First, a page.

NFAIS 45th Annual Conference
By Stephanie C. Ardito
"Markets, Technologies and Standards: Strategies for Success" wasthe theme
of the NFAIS 45th Annual Conference, held Feb. 23—25 in Philadelphia.
Attended primarily by aggregators, the event is a major opportunity for providers
to voice and share their concerns about the day-to-day operations of their
businessesand to speculate about the future ofthe industry.
Were the Dot-Coms?
With my objective reporting completed, I do have some personal observations.
The dot-coms were noticeably lacking, on the program and in the audience.
Where were Google, Amazon.com, and eBay? To me, they seem to be primary
candidates for NFAIS membership.
For too long, the "traditional" aggregators (sorry Ron Dunn!) have
been in a reaction mode. Not so long ago, I remember conferences at
which Elsevier speakers said the company would never give up the print
journal or offer transaction-based electronic articles over the Internet.
Even though Elsevier continues to voice its harsh disregard for the
value of document suppliers and sneers at the popularity of Google,
hasn't the company indeed reacted to innovation brought about by Web-based
services? I think it's ironic that Elsevier is now patting itself on
the back for taking a leadership role in changing information models!
The put-down of Google and the constant references to "Google-ization" bothered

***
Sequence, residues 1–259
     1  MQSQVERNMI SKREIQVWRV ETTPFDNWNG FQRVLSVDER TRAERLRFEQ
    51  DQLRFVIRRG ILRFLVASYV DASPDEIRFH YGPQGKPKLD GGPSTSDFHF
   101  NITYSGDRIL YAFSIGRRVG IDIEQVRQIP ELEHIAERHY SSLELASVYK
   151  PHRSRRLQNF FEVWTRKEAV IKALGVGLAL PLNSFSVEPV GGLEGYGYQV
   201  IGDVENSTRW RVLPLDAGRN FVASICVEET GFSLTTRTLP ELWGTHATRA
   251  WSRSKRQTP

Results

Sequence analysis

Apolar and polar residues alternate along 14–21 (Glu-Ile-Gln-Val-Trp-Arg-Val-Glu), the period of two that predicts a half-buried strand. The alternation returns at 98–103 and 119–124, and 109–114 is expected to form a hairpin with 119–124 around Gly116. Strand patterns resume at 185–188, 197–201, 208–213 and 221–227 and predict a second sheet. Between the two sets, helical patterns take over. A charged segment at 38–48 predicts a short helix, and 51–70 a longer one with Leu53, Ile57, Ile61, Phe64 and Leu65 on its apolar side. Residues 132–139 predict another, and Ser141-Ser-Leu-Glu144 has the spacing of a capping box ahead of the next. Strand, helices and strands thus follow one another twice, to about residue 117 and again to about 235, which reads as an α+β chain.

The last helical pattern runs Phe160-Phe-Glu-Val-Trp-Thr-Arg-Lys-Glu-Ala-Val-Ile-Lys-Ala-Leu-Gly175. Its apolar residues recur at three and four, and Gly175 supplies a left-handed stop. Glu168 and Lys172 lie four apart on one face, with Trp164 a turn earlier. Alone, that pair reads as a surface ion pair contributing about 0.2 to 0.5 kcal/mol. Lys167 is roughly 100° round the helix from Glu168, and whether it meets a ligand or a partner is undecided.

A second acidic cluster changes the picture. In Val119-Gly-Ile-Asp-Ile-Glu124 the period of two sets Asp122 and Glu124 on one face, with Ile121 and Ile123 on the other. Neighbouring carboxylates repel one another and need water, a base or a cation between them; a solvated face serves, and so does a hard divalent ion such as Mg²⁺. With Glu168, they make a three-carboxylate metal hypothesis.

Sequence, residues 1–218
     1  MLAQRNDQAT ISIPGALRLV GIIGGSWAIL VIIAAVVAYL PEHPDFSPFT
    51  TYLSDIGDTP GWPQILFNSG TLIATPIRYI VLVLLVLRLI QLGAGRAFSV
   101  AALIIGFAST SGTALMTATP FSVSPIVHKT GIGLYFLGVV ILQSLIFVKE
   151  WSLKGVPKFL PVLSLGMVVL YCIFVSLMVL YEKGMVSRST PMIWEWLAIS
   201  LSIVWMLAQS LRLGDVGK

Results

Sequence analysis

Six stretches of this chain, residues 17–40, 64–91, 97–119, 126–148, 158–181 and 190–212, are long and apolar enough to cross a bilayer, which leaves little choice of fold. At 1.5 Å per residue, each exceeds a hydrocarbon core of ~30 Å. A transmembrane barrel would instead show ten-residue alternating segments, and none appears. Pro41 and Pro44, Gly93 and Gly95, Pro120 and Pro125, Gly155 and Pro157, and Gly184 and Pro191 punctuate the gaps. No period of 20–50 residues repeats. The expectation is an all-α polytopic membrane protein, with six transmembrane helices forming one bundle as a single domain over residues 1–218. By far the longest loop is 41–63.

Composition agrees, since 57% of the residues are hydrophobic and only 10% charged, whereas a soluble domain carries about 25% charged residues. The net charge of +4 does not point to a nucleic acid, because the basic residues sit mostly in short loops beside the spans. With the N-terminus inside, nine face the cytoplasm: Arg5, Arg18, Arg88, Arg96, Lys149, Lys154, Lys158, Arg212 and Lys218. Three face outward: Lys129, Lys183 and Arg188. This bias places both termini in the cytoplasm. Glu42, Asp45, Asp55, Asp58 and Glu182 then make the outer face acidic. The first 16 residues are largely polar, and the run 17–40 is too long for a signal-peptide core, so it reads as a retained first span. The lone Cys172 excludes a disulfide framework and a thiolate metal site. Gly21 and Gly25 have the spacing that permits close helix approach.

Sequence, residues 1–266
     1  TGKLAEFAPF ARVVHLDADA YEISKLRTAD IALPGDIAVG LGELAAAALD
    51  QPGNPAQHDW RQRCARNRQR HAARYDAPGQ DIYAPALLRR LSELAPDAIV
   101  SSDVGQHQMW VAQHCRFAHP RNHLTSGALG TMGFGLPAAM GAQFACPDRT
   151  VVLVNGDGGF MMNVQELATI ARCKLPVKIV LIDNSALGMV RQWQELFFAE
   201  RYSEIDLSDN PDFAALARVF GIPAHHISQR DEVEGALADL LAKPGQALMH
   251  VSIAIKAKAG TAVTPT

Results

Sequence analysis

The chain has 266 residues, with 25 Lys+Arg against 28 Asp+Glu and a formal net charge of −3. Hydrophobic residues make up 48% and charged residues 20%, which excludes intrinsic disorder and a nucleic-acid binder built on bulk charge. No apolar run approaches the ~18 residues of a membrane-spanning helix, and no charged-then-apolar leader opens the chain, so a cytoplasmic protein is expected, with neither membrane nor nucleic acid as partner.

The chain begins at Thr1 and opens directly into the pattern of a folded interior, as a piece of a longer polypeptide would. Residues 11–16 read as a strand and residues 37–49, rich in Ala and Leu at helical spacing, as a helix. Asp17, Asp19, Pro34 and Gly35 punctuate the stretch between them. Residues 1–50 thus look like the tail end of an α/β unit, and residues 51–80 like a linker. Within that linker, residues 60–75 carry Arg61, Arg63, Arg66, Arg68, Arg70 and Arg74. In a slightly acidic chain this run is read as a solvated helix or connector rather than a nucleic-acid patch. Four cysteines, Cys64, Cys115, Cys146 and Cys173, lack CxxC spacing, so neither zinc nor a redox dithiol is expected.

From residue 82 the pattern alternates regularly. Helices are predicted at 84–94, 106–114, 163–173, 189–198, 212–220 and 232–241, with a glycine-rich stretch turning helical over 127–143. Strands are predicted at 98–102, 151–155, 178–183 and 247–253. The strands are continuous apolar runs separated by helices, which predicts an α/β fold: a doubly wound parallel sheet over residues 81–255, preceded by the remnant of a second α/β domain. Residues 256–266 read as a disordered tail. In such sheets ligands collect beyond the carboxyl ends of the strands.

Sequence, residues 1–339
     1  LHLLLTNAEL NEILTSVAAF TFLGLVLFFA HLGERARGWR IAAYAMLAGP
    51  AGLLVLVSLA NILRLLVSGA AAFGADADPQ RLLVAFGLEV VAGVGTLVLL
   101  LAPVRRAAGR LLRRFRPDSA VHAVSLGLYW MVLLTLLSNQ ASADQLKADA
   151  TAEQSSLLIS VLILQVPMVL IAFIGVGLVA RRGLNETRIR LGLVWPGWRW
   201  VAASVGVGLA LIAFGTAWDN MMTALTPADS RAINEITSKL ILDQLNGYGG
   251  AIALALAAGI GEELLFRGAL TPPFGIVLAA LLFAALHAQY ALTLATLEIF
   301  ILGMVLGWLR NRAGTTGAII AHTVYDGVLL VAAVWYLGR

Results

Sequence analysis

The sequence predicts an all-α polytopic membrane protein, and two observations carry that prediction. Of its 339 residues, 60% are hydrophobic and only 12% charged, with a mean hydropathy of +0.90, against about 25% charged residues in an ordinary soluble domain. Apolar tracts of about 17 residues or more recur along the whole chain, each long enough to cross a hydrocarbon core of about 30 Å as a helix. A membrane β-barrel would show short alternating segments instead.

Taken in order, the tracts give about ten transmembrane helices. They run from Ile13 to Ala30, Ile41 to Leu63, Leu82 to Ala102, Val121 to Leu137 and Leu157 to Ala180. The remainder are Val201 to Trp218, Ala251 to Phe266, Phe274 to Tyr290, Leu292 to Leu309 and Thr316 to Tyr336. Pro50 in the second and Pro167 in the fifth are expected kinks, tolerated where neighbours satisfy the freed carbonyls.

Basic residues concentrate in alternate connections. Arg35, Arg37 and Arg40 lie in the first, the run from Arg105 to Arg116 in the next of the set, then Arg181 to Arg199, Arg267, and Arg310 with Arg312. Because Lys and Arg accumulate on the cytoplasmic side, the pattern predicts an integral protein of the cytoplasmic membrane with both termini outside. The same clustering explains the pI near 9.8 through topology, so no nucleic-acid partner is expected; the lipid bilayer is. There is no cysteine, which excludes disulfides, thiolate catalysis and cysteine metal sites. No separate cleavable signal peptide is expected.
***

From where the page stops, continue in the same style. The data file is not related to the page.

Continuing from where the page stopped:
me terribly. Let's hope next year's conference will afford an opportunity
for Google's leadership to respond to NFAIS's condemnation.
As an information business owner, I may seem a strange choice to report on
this meeting. However, myassociation with NFAIS goes back more than 20 years.
For 10 years, my connection with the organization was a direct result of being
an ISI employee. Bonnie Lawlor, hired last November as NFAIS's executive director,encouraged
my participation in the group. The annual meeting especially is an excellent
source for information on a wide variety of databases. The conference also
allows me to stay current on the pricing, marketing, and legal challenges faced
by this organization.
Since I've been on both sides of the industryworking for a database
producer and then operating as a searchermy scrutiny of NFAIS has changed
over the years. While I understand and sympathize with the issues confronted
by NFAIS members, at the same time I can't help but feel adversarial about
the hurdles I contend with when accessing members' databases. It is with this
dichotomy of viewpoints that I report on the conference.